Dr. Bobby Bruce

Bobby Bruce, advised by Professor Gottlieb Oehrlein, completed his Ph.D. thesis defense in early 2010. In his Ph.D. work, he was able to identify one of the root causes of uncontrolled microscopic roughening that takes place on polymer surfaces as they are contacted by plasma. Dr. Bruce will continue his work in nanoscience and technology at the IBM Research in Yorktown Heights, N.Y.

The controlled patterning of polymer resists by plasma plays an essential role in the fabrication of integrated circuits and nanostructures. As the dimensions of patterned structures continue to decrease, we require an atomistic understanding underlying the morphological changes that occur during plasma-polymer interactions. In this work, we investigated how plasma surface modifications and the initial polymer structure influenced plasma etch behavior and morphological changes in polymer resists.

Using a prototypical argon discharge, we observed polymer modification by ions and vacuum ultraviolet (VUV) radiation from the plasma. A thin, highly dense modified layer was formed at the polymer surface due to ion bombardment. The ion-damaged layer acted as a barrier to further etching and significantly reduced the plasma etch rate. The thickness and physical properties of this ion-damaged layer was independent of polymer structure for the systems examined here. A relationship was observed that strongly suggests that buckling caused by ion-damaged layer formation on a polymer is the origin of roughness that develops during plasma etching. Our results indicate that with knowledge of the elastic modulus of the ion-damaged layer and the polymer being processed, plasma-induced surface roughness can be predicted and the surface morphology calculated.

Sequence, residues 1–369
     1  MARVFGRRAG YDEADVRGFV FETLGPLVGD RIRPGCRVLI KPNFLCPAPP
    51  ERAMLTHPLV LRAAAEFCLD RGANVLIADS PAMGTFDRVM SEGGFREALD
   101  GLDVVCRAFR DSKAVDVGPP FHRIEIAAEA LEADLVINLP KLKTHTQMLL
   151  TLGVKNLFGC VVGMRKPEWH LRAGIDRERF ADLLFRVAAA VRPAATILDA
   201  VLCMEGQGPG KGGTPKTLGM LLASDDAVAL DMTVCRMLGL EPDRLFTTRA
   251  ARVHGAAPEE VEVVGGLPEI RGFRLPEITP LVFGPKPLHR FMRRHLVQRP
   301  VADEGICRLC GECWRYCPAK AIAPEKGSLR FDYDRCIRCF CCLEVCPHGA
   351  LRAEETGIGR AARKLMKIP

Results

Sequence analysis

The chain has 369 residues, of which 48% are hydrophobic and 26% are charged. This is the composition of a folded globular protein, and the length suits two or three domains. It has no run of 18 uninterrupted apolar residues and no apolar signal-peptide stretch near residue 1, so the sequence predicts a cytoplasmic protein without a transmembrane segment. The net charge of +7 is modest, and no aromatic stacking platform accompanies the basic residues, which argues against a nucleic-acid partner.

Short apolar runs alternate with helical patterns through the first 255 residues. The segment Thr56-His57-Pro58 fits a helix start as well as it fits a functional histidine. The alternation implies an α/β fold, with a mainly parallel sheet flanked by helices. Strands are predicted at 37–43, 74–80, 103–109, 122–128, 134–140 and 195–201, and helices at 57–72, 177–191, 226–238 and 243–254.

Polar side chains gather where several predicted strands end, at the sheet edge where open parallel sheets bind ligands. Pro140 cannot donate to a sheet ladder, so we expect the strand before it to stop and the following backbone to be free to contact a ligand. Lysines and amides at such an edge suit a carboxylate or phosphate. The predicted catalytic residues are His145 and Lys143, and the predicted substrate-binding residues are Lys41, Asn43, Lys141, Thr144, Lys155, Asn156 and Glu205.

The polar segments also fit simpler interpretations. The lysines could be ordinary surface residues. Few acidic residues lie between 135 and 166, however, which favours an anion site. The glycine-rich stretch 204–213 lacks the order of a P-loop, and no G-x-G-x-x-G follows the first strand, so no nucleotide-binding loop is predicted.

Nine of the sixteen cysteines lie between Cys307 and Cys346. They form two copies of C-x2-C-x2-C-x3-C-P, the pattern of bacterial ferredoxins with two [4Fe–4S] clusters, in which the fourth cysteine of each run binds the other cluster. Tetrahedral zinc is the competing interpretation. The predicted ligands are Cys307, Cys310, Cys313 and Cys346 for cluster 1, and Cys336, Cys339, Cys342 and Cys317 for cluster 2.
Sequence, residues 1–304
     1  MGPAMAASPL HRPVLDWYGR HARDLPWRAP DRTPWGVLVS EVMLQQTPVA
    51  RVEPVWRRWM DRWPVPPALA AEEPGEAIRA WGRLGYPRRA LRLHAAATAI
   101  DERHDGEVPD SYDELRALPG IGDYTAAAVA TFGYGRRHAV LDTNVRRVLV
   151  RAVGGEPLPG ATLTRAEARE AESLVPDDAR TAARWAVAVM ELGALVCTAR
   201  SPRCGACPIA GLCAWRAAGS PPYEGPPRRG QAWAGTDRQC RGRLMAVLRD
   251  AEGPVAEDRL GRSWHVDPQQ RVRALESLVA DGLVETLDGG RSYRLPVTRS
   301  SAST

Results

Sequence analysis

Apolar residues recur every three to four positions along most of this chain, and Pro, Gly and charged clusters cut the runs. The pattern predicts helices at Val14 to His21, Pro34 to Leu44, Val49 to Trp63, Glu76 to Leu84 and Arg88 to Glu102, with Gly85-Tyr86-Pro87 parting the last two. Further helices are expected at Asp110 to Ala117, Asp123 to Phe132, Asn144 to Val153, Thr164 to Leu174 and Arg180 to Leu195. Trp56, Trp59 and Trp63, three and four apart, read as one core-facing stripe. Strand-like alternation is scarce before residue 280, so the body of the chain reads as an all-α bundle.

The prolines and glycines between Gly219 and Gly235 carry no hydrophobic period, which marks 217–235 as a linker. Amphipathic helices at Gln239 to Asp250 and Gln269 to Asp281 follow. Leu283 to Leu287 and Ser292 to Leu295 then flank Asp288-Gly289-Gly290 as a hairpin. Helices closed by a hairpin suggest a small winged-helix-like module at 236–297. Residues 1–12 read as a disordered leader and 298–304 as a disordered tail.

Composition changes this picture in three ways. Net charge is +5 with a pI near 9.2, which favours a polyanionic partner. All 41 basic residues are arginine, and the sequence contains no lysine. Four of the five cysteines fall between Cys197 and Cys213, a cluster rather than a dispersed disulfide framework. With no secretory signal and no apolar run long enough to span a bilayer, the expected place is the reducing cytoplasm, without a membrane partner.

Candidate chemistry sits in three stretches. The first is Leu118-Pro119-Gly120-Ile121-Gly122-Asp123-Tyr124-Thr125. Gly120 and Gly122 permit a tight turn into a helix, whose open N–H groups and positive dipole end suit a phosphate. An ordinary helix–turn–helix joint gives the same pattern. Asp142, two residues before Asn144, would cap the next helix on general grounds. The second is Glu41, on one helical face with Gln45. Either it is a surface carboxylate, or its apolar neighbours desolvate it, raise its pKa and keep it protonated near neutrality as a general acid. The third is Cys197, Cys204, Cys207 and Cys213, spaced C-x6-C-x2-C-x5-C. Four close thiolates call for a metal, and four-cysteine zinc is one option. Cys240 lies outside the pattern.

Plasma-Polymer Interactions

[Figure 1: (a) A schematic of the highly stressed, modified layer formation and roughening that occurs simultaneously at the surface of a polystyrene film under Ar plasma exposure. Important materials and morphological properties are also shown. Below this are AFM images of the surface morphology in PS after ion bombardment at varying maximum ion energies. Also shown are calculated and experimental values of λ (b) and A (c) versus maximum ion energy of the nanoscale roughness processed at 40°C.]

In addition, we observed the absence of surface and line-edge roughness in the polymer poly(4-vinylpyridine) (P4VP) in plasma etching conditions that produced significant roughness in every other polymer structure tested. We found that in an Ar plasma, plasma VUV radiation caused crosslinking to occur below the ion-damaged layer in P4VP. For other polymers tested, VUV radiation showed no effect or enhanced chain scissioning. Our data suggest that crosslinking of P4VP by plasma VUV radiation may prevent the buckling instability that causes plasma-induced roughness by increasing the elastic modulus of the polymer region directly below the ion-damaged layer.

Overall, the present work shows that when polymers are used as resists in plasma-based pattern transfer, the effectiveness of the resist is due to the formation of a thin, dense layer at the resist surface that slows the rate of etching. However, this surface modified layer is the source of the plasma-induced roughening that leads to high roughness. Minimizing the difference in the mechanical properties between the surface modified layer and the polymer, as is achieved by VUV crosslinking in P4VP, is a possible solution to maintaining smooth surfaces during plasma etching.

R. L. Bruce, S. Engelmann, T. Lin, T. Kwon, R. J. Phaneuf, G. S. Oehrlein, B. K. Long, C. G. Willson, J. J. Vegh, D. Nest, D. B. Graves, and A. Alizadeh, Study of Ion and Vacuum Ultraviolet-induced Effects on Styrene- and Ester-based Polymers Exposed to Argon Plasma, J. Vac. Sci. Technol. B 27, 1142 (2009).

R. L. Bruce, F. Weilnboeck, T. Lin, R. J. Phaneuf, G. S. Oehrlein, B. K. Long, C. G. Willson, J. J. Vegh, D. Nest and D. B. Graves, "Relationship Between Nanoscale Roughness and Ion-Damaged Layer in Argon Plasma Exposed Polystyrene Films," J. Appl. Phys.